Wednesday, June 3, 2015

Shapes Of Things To Come

Photo from the Whitewolfsonicprincess Facebook page.

People in Chicago may have had a hard time getting into a summer frame of mind last weekend due to the unseasonably cold weather, but at least two events offered an encouraging taste of the rewards the next three months have in store. The Millennium Art Festival, at Michigan and Lake Street, is one of the first of the outdoor art shows that spring up around town each year. It was at full force Sunday after a persistent rain had caused many of the exhibitors to close up their tents on Saturday.

Despite the temperature hovering just below 50 degrees, creative types like pop-pointillist Tim McWilliams, photographer Igor Menaker, and new media artist Barry Reithmeier were showcasing impressive work. The warmly dressed folk/psych duo Patchouli was performing intricate and melodic songs on a small stage, with only a few people hearty enough to sit and watch them. In the coming weeks, the Old Town, Wells Street, and Gold Coast art fairs will be held in Chicago. Hopefully, the weather will be bearable by then.

It was a quick ride on the CTA from downtown to the north side where the alt rock band Whitewolfsonicprincess was hosting a decidedly offbeat variety show at The Red Line Tap. Looking at the lineup, I couldn’t help being reminded of Mary-Arrchie Theatre’s annual Abbie Hoffman Died For Our Sins festival. Whitewolfsonicprincess, a musical offshoot of the Black Forest theatre group; The Rut, featuring current and former members of the Famous In The Future comedy group; and the avant garde theatre duo Citizens Relief, are all veterans of Abbie Fest. And they were joined last Sunday at The Red Line Tap by a comedian, a performance artist, an alt rock band, and go-go dancers.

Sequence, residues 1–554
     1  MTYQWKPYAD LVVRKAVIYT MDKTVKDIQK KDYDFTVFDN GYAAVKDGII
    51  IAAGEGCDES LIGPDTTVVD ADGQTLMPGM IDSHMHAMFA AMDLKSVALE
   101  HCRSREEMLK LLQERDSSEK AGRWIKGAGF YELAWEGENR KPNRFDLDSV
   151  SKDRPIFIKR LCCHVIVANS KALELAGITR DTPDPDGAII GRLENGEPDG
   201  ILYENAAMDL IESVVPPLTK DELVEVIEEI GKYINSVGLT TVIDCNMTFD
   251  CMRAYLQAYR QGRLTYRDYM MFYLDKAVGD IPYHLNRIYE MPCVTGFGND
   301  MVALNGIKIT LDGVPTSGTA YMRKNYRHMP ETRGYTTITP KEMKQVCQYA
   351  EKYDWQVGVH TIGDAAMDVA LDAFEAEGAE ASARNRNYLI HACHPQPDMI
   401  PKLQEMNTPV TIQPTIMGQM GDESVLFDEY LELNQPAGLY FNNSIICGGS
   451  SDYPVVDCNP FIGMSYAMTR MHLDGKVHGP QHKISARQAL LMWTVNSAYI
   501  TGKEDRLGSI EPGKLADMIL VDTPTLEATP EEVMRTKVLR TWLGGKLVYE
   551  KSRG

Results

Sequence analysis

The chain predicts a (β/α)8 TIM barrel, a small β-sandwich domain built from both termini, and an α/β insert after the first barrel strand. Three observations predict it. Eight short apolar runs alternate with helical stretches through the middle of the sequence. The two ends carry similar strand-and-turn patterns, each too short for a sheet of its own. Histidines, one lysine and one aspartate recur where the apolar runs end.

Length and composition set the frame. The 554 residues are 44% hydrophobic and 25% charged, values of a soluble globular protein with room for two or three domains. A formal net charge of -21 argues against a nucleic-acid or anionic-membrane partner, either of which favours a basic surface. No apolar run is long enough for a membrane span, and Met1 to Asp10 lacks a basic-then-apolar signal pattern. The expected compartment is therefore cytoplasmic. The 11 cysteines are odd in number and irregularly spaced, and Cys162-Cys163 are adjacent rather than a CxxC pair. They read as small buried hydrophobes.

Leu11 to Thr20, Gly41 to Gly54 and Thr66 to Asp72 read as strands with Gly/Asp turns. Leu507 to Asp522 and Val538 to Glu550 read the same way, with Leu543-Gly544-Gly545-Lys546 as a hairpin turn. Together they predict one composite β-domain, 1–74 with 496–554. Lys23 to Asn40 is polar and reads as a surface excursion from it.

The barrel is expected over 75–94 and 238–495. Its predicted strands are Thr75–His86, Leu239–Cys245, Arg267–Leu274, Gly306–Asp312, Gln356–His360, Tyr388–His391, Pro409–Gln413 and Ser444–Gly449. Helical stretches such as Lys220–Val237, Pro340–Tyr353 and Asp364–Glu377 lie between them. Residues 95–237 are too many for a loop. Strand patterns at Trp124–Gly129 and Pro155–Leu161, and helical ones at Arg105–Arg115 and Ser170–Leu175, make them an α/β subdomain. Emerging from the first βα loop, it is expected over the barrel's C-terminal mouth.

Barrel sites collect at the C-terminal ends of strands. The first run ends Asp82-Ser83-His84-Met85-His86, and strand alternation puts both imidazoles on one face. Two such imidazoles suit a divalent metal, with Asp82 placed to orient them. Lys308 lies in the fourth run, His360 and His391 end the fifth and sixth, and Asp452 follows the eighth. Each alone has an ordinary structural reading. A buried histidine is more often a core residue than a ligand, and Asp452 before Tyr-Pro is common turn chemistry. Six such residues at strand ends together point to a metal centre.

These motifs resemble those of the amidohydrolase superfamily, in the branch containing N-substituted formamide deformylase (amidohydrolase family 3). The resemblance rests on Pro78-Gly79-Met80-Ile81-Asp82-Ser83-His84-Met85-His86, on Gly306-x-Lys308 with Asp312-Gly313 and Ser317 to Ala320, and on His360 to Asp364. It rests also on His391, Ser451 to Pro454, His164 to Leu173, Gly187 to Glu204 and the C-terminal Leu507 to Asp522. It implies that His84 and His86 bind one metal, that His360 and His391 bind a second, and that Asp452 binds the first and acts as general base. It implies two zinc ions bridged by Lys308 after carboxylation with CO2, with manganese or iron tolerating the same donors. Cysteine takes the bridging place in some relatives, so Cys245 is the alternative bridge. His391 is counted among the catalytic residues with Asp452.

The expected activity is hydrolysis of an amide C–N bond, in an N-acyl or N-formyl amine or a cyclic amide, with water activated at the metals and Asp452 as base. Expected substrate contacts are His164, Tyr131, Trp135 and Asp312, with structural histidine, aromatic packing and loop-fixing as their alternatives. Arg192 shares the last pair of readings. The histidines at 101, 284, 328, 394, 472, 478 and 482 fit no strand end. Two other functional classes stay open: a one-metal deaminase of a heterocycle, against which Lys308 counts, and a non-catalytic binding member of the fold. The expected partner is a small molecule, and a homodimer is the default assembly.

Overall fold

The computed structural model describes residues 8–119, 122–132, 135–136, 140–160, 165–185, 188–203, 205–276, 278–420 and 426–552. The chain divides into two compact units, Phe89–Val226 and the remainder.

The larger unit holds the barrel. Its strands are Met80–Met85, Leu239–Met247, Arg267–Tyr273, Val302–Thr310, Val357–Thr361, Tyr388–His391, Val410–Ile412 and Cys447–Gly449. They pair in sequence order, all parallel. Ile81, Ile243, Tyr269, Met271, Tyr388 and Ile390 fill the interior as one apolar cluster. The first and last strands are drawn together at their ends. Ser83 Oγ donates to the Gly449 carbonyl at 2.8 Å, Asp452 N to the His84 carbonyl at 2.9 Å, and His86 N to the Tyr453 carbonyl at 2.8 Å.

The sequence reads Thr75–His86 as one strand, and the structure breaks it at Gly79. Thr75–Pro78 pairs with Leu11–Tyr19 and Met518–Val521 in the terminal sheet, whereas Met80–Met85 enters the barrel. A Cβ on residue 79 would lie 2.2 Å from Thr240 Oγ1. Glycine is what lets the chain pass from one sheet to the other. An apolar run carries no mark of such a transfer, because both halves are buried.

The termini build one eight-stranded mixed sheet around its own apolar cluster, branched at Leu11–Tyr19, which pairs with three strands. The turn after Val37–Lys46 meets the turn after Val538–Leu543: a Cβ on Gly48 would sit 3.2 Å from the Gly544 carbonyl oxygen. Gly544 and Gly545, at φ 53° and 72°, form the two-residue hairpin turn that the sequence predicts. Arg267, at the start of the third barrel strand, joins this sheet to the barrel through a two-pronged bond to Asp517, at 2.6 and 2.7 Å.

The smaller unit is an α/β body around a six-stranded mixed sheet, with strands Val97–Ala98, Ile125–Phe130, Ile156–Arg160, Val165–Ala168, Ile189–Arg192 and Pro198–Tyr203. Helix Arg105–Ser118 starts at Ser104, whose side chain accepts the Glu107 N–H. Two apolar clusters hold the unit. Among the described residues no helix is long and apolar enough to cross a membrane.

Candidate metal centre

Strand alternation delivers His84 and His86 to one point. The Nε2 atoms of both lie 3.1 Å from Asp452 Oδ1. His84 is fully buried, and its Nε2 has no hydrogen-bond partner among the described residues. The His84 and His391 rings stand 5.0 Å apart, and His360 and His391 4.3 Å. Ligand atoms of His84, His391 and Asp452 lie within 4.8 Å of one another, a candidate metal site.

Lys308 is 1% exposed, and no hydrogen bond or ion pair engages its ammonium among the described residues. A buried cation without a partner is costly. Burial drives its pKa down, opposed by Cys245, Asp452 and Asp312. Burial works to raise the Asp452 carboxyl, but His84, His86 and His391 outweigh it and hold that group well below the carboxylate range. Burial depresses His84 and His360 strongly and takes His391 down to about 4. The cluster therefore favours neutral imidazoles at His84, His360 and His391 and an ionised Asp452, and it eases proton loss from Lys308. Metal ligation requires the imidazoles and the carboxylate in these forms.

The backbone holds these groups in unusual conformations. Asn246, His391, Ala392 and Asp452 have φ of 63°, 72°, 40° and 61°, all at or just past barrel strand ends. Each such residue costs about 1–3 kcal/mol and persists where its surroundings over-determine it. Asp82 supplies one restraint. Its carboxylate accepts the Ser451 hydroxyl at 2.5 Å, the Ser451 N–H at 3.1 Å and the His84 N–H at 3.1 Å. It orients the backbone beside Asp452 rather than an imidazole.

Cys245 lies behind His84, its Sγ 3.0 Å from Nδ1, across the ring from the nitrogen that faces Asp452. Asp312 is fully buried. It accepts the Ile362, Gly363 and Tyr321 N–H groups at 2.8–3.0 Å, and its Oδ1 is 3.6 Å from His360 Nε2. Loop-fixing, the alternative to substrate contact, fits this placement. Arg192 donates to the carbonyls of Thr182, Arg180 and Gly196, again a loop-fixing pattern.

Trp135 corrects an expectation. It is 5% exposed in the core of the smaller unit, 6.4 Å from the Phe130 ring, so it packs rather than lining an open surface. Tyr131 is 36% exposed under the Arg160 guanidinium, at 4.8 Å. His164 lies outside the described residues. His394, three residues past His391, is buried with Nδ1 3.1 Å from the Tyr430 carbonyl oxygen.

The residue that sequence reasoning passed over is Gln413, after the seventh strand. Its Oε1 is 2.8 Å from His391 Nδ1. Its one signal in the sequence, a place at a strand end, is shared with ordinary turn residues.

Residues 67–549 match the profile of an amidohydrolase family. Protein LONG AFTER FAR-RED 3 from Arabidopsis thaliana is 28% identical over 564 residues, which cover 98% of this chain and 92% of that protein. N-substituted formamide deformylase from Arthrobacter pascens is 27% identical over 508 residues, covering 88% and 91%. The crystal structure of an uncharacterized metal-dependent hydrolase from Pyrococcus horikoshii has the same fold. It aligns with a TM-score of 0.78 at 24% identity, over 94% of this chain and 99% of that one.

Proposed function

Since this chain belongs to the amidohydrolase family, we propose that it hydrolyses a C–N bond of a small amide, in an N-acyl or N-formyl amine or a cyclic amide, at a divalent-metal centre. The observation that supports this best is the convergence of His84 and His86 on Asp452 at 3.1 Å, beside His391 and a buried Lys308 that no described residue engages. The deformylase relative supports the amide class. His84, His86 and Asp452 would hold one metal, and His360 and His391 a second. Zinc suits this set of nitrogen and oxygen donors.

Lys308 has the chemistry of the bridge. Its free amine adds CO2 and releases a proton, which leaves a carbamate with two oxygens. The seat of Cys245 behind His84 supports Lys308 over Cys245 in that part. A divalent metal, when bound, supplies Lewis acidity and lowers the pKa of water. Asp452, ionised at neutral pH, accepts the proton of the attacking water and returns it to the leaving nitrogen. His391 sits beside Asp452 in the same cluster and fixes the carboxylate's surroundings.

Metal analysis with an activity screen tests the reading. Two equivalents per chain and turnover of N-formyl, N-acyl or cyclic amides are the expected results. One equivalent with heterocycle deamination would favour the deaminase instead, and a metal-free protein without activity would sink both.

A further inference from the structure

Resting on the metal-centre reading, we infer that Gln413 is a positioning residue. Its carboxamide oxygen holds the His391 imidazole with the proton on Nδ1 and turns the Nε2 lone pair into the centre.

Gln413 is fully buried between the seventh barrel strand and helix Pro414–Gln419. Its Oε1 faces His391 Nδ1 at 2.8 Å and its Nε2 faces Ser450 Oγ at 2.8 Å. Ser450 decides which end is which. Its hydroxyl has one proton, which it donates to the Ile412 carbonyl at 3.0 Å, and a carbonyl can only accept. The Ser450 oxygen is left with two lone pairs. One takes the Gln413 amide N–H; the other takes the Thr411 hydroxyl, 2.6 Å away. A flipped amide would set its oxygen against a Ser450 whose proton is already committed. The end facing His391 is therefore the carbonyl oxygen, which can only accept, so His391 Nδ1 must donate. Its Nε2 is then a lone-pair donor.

Sunday Afternoon At The Tap, the second installment in what Moeller said he hoped would become an ongoing series, had that freewheeling vibe and camaraderie that makes Abbie Fest so inviting. The Rut kicked things off with a fun cover of The Who’s “Boris The Spider” before moving on to three clever original indie rock tunes. (Full disclosure: I performed with Famous In The Future for several years.) Comedian Elizabeth Gomez drew humor from the emotional minefield of everyday life, and hit her stride with a biting comparison of happy mommies and spiritually crushed mothers. Kc Chronis roamed through the crowd distributing bananas as she spun a rambling tale of how she once mistakenly thought she had acquired paranormal powers after attending a coven with a witch from her apartment building.

Citizens’ Relief donned German folk outfits for a piece about a man’s unfortunate obsession with his vacuum cleaner. The duo’s knack for blending comic and disturbing elements once again proved fascinating. The Revelettes performed a couple sharply choreographed dance routines to old school soul music. Whitewolfsonicprincess has by now fully established itself as a separate entity from Black Forest, and offered an impressive set of new songs and material from its 10 + 1 CD. Singer Hayden and singer-guitarist Moeller took turns on lead vocals while their band kept a steady groove augmented by percussion. Unfortunately, I wasn’t able to stay for the final act, the local alt rock band Gunnelpumpers.

As Moeller noted, Sunday Afternoon At The Tap is likely to return. Abbie Hoffman Died For Our Sins returns to the Mary-Arrchie Theatre for its 27th year on the weekend of August 14–16.  

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